PORT-AU-PRINCE, Haiti (sentinel.ht) – Scenes of public discontent, demonstrations, protests and mobilizations, have abound in Haiti since the Senate passed the Finance Law of 2017-2018 as drafted by the Jovenel Moise and Jack Guy Lafontant administration. Citizens in Haiti and in the Diaspora are fighting this unprecedented wave of new taxes and hikes, putting Haiti on the edge of total disorder.
The Senate passed the bill on Friday, September 8, 2017, and since, the Fanmi Lavalas political party of former President Jean-Bertrand Aristide, has called for demonstrations against it. A major mobilization took place on Monday, September 11, that was in part to commemorate the September 11, 1993 assassination of Antoine Izméry and the massacre at the Church of Saint John Bosco, which took place on September 11, 1988. Former senator and candidate for the presidency for the Pitit Dessalines political party, Jean Charles Moise, also announced a demonstration for the following day, Tuesday, September 12 against the aforementioned budget.
Both movements brought tens of thousands into the streets. There were scenes of violence during the protests, with property and buildings being vandalized.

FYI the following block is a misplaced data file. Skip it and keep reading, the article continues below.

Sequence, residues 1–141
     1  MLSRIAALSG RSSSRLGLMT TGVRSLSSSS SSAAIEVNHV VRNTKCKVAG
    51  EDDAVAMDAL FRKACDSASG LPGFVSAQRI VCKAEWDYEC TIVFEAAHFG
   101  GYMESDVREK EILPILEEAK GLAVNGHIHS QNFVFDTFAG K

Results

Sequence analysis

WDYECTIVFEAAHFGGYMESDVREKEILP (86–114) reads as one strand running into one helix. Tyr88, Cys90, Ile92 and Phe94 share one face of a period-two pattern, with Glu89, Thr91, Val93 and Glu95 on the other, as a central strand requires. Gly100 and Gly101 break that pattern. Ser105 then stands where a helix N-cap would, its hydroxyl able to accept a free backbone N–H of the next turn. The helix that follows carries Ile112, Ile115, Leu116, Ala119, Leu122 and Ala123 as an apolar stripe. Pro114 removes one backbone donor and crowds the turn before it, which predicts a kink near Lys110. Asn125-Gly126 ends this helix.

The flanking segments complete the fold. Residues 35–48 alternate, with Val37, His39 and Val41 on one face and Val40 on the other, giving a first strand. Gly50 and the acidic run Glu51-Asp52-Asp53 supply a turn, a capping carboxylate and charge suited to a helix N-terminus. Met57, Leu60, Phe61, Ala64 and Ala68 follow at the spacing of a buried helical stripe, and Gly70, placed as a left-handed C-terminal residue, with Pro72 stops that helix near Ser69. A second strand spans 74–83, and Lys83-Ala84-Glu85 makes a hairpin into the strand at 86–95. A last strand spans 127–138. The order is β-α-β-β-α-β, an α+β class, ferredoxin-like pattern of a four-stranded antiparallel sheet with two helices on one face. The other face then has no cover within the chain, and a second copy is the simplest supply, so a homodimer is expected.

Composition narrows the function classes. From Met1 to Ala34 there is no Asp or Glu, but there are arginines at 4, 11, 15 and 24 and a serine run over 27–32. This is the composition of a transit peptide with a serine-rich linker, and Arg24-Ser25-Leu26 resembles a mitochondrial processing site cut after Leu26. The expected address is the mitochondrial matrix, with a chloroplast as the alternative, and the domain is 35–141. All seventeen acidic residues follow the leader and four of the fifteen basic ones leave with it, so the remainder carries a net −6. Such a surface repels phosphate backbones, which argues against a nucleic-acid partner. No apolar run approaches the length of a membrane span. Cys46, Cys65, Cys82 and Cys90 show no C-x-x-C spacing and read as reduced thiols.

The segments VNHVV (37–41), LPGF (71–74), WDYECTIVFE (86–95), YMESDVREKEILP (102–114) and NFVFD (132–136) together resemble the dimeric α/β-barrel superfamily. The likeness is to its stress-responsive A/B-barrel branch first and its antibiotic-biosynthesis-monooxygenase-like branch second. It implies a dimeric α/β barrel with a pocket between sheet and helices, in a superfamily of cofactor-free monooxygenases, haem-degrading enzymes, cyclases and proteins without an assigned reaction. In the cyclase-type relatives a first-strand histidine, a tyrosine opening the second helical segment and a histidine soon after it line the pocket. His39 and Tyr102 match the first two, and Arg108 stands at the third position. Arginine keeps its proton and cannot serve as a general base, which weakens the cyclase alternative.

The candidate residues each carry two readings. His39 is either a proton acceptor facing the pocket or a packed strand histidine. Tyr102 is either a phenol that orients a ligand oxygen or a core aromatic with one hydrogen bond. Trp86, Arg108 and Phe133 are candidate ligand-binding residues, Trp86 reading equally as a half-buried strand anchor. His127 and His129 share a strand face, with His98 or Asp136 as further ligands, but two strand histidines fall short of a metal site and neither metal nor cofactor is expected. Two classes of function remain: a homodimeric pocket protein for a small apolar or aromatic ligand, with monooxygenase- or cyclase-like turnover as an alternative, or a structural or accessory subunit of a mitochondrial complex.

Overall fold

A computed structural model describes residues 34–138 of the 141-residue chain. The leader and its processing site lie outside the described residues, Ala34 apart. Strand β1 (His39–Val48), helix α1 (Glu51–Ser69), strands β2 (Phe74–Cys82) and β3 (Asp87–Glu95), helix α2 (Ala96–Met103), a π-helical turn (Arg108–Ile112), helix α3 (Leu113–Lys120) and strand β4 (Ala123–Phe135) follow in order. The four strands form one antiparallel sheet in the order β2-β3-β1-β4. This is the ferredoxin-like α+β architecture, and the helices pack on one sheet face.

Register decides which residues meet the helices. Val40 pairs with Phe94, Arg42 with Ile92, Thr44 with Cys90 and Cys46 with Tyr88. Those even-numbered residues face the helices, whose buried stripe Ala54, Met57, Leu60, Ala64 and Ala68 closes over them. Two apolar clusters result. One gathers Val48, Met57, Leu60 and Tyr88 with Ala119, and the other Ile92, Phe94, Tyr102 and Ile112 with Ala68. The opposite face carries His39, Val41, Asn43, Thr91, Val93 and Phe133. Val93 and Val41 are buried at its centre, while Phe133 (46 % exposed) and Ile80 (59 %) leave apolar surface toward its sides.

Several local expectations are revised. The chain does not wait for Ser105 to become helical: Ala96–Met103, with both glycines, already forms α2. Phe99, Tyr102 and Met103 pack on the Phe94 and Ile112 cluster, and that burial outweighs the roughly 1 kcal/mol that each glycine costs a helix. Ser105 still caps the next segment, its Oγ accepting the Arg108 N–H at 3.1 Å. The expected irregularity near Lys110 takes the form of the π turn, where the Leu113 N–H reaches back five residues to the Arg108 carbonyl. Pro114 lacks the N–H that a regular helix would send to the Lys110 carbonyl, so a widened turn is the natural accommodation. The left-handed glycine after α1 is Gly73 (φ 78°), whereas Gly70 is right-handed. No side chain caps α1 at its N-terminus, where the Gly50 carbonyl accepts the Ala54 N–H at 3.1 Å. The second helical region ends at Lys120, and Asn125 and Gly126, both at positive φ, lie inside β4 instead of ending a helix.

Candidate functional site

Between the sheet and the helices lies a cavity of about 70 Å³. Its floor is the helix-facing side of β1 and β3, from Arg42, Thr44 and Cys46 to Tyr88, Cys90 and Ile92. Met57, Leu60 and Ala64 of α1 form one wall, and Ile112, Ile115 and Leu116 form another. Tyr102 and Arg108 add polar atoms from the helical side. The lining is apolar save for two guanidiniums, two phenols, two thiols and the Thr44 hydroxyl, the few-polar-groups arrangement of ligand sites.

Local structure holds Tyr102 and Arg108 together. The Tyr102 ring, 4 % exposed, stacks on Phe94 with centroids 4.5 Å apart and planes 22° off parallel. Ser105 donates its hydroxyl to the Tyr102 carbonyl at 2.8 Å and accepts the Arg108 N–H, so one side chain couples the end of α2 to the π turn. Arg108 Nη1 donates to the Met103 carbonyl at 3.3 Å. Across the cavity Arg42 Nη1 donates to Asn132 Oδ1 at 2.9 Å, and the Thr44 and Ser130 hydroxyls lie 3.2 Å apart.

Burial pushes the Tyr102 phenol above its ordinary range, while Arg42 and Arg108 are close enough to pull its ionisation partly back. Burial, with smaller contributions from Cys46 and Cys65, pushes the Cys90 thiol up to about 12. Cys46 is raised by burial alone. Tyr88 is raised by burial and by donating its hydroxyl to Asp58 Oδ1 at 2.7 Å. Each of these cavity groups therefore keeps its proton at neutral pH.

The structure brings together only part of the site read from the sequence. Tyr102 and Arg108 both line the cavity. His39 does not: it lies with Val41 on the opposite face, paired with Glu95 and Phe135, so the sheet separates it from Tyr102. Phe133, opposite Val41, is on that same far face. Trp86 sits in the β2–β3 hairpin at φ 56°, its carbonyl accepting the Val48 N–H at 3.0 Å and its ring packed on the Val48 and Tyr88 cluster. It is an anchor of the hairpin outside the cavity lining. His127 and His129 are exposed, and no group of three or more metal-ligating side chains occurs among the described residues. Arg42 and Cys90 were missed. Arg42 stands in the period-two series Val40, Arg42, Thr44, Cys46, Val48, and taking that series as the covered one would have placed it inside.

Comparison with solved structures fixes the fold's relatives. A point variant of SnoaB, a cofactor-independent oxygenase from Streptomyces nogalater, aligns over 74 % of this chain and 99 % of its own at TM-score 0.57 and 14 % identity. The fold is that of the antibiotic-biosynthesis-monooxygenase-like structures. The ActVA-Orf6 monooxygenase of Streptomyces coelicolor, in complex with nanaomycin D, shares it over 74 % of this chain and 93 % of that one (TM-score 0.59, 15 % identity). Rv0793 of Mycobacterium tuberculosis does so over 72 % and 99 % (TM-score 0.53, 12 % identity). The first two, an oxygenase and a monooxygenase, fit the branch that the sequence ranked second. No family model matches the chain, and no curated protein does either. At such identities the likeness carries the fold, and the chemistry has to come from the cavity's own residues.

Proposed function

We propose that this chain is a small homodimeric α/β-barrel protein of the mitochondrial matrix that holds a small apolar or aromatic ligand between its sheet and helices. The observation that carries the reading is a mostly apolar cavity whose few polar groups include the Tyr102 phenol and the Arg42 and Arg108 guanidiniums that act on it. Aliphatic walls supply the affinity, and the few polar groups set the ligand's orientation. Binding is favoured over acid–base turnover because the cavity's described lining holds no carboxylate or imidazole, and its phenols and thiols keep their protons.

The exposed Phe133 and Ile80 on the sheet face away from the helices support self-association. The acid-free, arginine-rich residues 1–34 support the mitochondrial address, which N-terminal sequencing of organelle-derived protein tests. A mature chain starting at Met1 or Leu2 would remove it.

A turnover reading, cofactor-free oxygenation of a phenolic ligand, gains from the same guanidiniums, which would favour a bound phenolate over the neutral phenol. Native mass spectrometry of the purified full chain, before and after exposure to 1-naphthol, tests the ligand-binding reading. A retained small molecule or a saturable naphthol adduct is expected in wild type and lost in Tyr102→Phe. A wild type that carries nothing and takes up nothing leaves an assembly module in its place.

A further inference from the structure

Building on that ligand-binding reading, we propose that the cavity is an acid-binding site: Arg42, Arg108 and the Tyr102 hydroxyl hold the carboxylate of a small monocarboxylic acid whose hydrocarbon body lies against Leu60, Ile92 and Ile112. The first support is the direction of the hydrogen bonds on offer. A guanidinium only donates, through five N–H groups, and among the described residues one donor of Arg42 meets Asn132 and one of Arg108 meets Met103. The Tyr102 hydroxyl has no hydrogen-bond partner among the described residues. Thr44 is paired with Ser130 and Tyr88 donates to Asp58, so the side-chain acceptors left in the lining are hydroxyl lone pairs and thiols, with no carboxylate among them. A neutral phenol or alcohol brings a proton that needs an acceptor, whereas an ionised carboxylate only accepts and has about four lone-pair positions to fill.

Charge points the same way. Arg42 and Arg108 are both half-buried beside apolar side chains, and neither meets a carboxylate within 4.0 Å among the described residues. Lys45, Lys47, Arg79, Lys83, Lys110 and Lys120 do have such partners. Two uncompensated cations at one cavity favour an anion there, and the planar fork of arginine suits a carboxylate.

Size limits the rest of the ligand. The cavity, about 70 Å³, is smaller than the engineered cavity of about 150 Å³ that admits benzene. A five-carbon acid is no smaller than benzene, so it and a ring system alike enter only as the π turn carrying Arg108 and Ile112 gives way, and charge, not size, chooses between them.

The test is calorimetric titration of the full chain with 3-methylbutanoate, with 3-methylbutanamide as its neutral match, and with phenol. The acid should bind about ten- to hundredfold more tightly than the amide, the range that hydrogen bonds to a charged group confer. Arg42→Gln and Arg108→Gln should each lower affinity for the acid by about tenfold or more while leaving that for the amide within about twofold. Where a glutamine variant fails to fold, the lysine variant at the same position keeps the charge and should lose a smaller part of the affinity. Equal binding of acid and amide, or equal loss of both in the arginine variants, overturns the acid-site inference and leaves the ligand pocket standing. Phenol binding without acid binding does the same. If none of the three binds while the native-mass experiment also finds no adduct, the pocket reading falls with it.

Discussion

Efforts by the administration to quell public displeasure went unheeded. On Monday, the 11th, for example, two of the four National Palace press secretaries, Tamara Orion and Martine Denis Chandler, held a press conference to express the government’s satisfaction with the passage of the budget but also call for calm by having listeners believe that this law, as written and voted, “would allow the executive to open a series of major projects in the country so that all citizens can benefit from the services to which they are entitled.”
Unfortunately, these promises have fallen on deaf ears. It has not been able to stop the discontent from amassing in protest and planning series of other protests.